Household dangers to cats

You may think you live in an environment free from cat dangers, but every home is a potential minefield of hazards for your cat. Here are some common household dangers to watch out for…

Rat bait

Most people know that rat bait can also poison cats, but many don’t realise eating a poisoned rat can be fatal too. To reduce the risk of accidental poisoning, put the baits in a place that only the rats can reach

Some rat baits are safer for pets than others but be careful with any brand, If you think your cat has had contact with rat bait, call your vet immediately.

Snail bait

Most snail baits contain metaldehyde, which is highly toxic to cats. To reduce the risk of accidental poisoning, put the baits in a place your pets can’t access. Store snail bait in the original packaging within another sealed container and keep this in a high cupboard out of reach of pets.

Ant killers

Most of these contain boric acid which is toxic if a cat eats a large amount for its body size. Many ant killers have a sweet smell and taste to attract ants. This can be equally appealing to cats, so always put the ant killer in places your pet can’t get to.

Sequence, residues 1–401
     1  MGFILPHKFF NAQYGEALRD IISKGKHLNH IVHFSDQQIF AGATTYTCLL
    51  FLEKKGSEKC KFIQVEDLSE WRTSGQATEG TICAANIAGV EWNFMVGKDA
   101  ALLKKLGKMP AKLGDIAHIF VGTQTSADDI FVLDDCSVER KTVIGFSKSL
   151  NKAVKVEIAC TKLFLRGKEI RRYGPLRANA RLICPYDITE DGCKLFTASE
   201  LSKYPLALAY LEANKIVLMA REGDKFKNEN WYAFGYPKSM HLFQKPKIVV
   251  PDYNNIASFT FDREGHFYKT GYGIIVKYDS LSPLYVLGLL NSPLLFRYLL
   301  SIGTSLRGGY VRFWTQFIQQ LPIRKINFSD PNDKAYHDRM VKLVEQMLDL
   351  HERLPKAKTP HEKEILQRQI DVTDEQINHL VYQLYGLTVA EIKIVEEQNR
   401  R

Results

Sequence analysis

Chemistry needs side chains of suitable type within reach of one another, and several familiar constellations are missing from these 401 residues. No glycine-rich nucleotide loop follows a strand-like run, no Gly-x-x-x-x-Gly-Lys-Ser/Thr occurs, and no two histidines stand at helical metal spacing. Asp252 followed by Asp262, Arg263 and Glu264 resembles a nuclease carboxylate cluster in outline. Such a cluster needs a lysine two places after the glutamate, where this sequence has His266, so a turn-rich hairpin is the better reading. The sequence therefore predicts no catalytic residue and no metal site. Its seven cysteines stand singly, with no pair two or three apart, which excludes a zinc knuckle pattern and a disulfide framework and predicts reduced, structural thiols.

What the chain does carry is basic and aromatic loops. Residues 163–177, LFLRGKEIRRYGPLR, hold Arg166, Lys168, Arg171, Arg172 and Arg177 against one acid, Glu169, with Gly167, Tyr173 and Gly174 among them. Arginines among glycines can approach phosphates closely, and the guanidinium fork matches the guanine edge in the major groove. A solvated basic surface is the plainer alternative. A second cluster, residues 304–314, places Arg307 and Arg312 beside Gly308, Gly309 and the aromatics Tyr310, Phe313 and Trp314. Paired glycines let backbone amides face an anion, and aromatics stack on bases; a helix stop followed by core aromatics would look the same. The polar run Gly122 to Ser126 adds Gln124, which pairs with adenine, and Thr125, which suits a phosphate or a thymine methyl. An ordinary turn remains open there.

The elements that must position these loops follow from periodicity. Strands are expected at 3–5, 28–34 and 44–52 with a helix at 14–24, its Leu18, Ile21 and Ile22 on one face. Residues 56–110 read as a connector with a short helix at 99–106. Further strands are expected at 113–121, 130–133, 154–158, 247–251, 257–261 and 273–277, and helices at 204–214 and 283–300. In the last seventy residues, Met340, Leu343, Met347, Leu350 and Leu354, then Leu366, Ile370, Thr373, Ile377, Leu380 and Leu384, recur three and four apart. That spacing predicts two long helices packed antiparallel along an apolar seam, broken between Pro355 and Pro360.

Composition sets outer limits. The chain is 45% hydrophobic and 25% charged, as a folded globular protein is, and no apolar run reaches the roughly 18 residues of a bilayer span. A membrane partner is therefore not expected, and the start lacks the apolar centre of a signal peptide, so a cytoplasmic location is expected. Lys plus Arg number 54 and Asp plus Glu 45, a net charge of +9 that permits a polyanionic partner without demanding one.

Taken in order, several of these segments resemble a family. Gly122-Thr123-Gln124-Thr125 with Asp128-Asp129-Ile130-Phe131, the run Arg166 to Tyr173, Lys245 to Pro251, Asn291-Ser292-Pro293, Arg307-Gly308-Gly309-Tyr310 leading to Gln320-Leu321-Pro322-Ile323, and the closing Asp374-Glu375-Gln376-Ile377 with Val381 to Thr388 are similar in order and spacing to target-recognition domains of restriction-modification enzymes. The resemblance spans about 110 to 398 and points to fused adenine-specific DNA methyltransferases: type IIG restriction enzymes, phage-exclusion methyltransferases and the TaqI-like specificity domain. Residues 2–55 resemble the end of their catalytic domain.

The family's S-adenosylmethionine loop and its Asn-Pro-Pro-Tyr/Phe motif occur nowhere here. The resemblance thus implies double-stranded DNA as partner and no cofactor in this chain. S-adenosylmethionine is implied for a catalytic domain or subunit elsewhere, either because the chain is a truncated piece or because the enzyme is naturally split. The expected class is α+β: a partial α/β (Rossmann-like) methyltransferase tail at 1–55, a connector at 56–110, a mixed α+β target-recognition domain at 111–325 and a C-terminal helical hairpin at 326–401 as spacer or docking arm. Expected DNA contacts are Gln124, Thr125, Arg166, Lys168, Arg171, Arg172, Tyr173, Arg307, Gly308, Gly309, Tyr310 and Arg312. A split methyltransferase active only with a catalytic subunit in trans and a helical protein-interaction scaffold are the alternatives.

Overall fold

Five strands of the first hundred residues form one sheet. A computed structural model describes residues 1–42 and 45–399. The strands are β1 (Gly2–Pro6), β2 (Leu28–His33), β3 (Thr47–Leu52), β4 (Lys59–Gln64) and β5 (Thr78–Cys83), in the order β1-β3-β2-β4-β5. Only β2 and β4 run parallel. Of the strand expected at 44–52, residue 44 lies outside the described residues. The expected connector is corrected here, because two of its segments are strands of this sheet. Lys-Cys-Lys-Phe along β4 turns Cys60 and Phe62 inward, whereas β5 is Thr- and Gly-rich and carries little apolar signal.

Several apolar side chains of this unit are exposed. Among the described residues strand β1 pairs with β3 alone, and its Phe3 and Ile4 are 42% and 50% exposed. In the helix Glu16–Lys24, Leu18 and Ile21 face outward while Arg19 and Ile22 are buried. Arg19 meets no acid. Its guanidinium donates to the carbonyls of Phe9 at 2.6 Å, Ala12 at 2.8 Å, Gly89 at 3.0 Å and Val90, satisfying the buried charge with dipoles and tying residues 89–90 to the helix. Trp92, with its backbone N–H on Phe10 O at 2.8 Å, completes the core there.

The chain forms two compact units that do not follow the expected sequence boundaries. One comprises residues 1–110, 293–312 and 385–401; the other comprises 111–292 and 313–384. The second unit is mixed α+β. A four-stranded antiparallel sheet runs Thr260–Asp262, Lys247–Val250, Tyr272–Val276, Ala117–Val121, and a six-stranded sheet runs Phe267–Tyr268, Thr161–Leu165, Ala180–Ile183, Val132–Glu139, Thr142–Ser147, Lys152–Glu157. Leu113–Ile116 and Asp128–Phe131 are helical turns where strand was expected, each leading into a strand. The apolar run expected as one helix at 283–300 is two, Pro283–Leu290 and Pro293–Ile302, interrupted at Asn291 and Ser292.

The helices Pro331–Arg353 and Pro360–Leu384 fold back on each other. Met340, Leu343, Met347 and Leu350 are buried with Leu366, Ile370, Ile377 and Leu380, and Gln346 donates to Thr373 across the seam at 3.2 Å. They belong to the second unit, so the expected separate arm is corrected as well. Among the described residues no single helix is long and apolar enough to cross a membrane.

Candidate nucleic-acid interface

Home office paper shredders

This is a relatively new danger for pets, particularly for cats. The machine can often be warm, making it an inviting spot for your cat to lie on, where it can inadvertently switch the shredder on. Cats have had paws, tails and fur caught.

Reclining chairs

These can be a major hazard for pets, especially young kittens. They especially likely to climb up inside the chair and curl up for a nap. When someone sits or starts to rock in the chair, pets can become caught or even fatally injured.

Oil burners

The oil used in oil burners is caustic but can tempt some cats with its smell. If licked or swallowed, oil can cause burns to the mouth or oesophagus that may become life threatening if left untreated .




Rubbish bins

Bins are full of hazards, especially for inquisitive animals. If a bin is left open, or can be easily knocked over, pets can pull out dangerous or toxic rubbish such as food wrappers, dental floss, and cigarette butts.

Electrical cords

It’s recommended to keep all electrical cords out of reach of pets, especially kittens that will often chew, drag and pull on any cords they find. If your pet chews and exposes the wiring it can cause severe injuries. These include burns to the mouth and tongue, and in more serious cases, seizures, difficulty breathing or cardiac arrest.

Source: Purina.com.au

 

 

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